11:10- 13:00 Plenary lectures / Plenarna predavanja
(Moderatori: Prof dr Hristina Stevanović-Čarapina, Prof. Dr. Predrag Simonović, Prof. Dr. Zora Dajić-Stevanovć, Draženko Bijelič, Milica Petrović)
Negotiating chapter 27: process and challenges, Arunas Kundrotas, Senior adviser on EU integration, ENVAP project, Jovana Majkic, Coordinator of Negotiaton Group 27, Ministry of Agriculture and Environmental Protection
EMAS III – DOBRODOŠLI U EU! / EMAS III – WELCOME TO EU!, DRAGANA PETROVIĆ, VICTORIA CONSULTING D.O.O./ EMAS NACIONALNI EKSPERT NA PROJEKTU EU: LAW ENFORCEMENT IN THE FIELD OF INDUSTRIAL POLLUTION CONTROL, PREVENTION OF CHEMICAL ACCIDENTS AND ESTABLISHING THE EMAS SYSTEM IN SERBIA,EUROPEAID/131555/C/SER/RS., BEOGRAD
CLIMATE CHANGE AND ECONOMY: TOURISM ASPECTS FOR GREECE, A.V. Michailidou, Ch. Vlachokostasa, Ch.-T. Tsourdioua, D. Spyridia, G. Baniasb, Ν. Moussiopoulosa, Laboratory of Heat Transfer and Environmental Engineering, Aristotle University Thessaloniki; School of Economics and Business Administration, International Hellenic University, Thermi, Greece
Multi-criteria Prioritization of the Flood Management Projects in Republica Srpska using PEPA Methodology, Merih Kerestecioglu, Mihajlo Stevanović, Ljiljana Stojić, Vassilis Evmopidis, COWI IPF Consortium ,Ministry of Agriculture, Forestry and Water Management of Republika Srpska
Aktivnosti Zavoda za zaštitu prirode Srbije u oblasti zaštite prirode, Poglavlje 27, Verica Stojanović, član radne grupe za Poglavlje 27
ENV.net PROJEKAT : NAPREDAK I IZAZOVI / ENV.net Project: Progress and Chalanges, Nataša Žugić-Drakulić i Filip Jovanović, Naconalna koordinatorka i asistent projekta Development of ENV.net in West Balkan and Turkey: giving citizens a voice to influence the environmental process reforms for closer EU integration – Ambasadori održivog razvoja i životne sredine/Environmental Ambassadors for Sustainable Development
Moj izbor, moje pravo–zdrava životna sredina!, Zorica Stevanović, Centar za razvoj građanskog društva “PROTECTA”, Niš
Vrste biljaka i životinja značajnih za zaštitu prirode u EU, Gabor Mesaroš, Udruženje za zaštitu i razvoj okruženja i graditeljskog nasleđa – Protego, Subotica
13:00-14:00 Break with buffet / Pauza sa posluženjem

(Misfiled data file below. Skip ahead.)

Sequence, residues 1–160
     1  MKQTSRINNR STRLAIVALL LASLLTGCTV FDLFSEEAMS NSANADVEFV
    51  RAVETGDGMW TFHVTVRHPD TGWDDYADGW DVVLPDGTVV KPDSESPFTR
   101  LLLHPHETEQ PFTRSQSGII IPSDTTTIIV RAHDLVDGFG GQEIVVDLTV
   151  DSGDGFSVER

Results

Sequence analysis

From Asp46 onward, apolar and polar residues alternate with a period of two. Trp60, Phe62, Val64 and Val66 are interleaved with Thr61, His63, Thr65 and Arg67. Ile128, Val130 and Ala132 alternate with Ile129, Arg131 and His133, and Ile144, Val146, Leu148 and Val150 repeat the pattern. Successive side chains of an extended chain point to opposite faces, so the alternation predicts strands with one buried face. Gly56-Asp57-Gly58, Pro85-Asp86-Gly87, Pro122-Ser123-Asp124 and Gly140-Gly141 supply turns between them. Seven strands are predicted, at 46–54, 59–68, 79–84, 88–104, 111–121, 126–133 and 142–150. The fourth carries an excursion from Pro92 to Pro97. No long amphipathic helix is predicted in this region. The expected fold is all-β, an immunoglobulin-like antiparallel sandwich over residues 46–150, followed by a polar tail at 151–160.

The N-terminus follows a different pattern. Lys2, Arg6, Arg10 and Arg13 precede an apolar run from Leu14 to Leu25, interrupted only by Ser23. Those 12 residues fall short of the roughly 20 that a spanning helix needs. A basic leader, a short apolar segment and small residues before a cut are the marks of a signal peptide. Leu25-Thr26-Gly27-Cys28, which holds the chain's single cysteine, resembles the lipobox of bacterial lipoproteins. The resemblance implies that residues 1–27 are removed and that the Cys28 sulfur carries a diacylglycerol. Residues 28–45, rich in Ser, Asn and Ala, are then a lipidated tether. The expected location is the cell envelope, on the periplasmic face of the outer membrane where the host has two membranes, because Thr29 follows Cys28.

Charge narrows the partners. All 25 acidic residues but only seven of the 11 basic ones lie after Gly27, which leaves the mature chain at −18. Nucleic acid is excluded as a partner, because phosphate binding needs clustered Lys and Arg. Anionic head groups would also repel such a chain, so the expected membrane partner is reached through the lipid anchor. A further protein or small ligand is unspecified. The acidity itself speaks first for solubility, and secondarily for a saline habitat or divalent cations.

14:00-14:15 Zajedničko fotografisanje dobitnika Priznanja za partnerstvo “Životna sredina ka Evropi” / Group Photo of awarded with Diploma for Partnership Recognition), Spisak na kraju Agende/List of awarded is included in the Agenda
14:15-17:00 Nastavak plenarnih predavanja – Plenary presentation continuation
(Moderatori: Milica Petrović, Draženko Bijelić, Uroš Rakić, Milena Tabašević, Radmila Marjanov-Panjević, Nataša Žugić Drakulić)
Učestalost prekoračenja GV PM10 – poređenje stanja kvaliteta vazduha u Republici Srbiji i EU, Anđelka Radosavljević, Tihomir Popović, Lidija Marić Tanasković, Biljana Jović, Agencija za zaštitu životne sredine
MEĐUNARODNI PROPISI O UČEŠĆU JAVNOSTI U DONOŠENJU ODLUKA I REPUBLIKA SRBIJA, TINA JANJATOVIĆ, MINISTARSTVO POLJOPRIVREDE I ZAŠTITE ŽIVOTNE SREDINE , DRAGOLJUB TODIĆ, INSTITUT ZA MEĐUNARODNU POLITIKU I PRIVREDU, BEOGRAD
SRBIJA U PROCESU EVROPSKIH INTEGRACIJA I ZNAČAJ PRIMENE EMS U ORGANIZACIJAMA LOKALNE SAMOUPRAVE, Novica Staletović, Nataša Borojević, Violeta Ćulibrk, Srđan Kovačević, UnivErzitet Union-Nikola Tesla, Fakultet za ekologiju i zaštitu životne sredine, Beograd; SO Plandište: EPS JP PK, Beograd
REZULTATI I PROBLEMI U SPROVOĐENJU IPA PROGRAMA PREKOGRANIČNE SARADNJE OD ZNAČAJA ZA OBLAST ŽIVOTNE SREDINE I POGLAVLJE 27, MLADENKA IGNJATIĆ, DRAGOLJUB TODIĆ, ISTRAŽIVAČKI FORUM EVROPSKOG POKRETA U SRBIJI
Promena ekološke svesti građana Bora od LEAP-a 2003. do LEAP-a 2013, Dragan Ranđelović, Milan Trumić, Toplica Marjanović, Ljiljana Marković Luković, Maja Trumić, Društvo mladih istraživača Bor
Application of geographic information system (GIS) in environmental monitoring, Uroš Rakić, Institut zа јаvnо zdrаvljе Srbiје „Dr Milаn Јоvаnоvić Bаtut” Beograd
Assessing Territorial Attractiveness in South East Europe/Ocena atraktivnosti teritorija Jugoistocne Evrope, Projekat, Blaž Barborič, Geodetski institut Slovenije, Republička agencija za prostorno planiranje
Eko-standardi kao konkurentska prednost u hotelijerstvu i turizmu, Jovana Stevanovic, Ratko Trifunovic, Milica Petrovic, Marija Kostic, Fakultet za hotelijerstvo i turizam u Vrnjackoj Banji, Vrnjacka Banja
ADAPTACIJE NA KLIMATSKE PROMENE U OBLASTI BIODIVERZITETA U REPUBLICI SRBIJI, Daniela Cvetković, Slađana Đorđević, Tanja Kukobat, Miloš Nikolić, Fakultet za primenjenu ekologiju Futura, Univerzitet Singidunum, Beograd
EKOLOŠKE MREŽE U FUNKCIJI SMANJENJA NEGATIVNOG UTICAJA KLIMATSKIH PROMENA NA BIODIVERZITET, Ljubica Petrović, Geografski fakultet Beograd
MALE VODENE POVRŠINE U KONTEKSTU KLIMATSKIH PROMENA, Radmila Marjanov Panjević, Ines Trivan Krivo, Ante Stantić, JP „ Zavod za urbanizam Grada Subotice
Praktični rezultati usaglašavanja sadržaja arsena u pijaćoj vodi Vojvodine sa zahtevima direktive 98/83/EC, Andrej Kukučka, Udruženje zaštite životne sredine RIO , Nov Sad
Uticaj deponije na zagađivanje podzemnih voda , Draženko Bjelić, Dragana Nešković Markić, J.P.’’DEP-OT’’ Regionalna deponija Banja Luka
Emergentne supstance i istraživanja 2020, Mirjana Vojinović Miloradov, Ivan Španik, Ivana Mihajlović, Olga Vyviurska, Draginja Kalinić, Jelena Radonić, Maja Turk Sekulić, Departman za inženjerstvo zaštite životne sredine, Fakultet tehničkih nauka, Univerzitet u Novom Sadu; Slovački Tehnološki Univerzitet u Bratislavi, Institut za analitičku hemiju, Univerzitet u Bratislavi, Slovačka
Primena biootpada kao heterogenog katalizatora u proizvodnji biodizela, Sofija Miškov, Ivona Radović, Mirjana Kijevčanin, Tehnološko – metalurški fakultet Beograd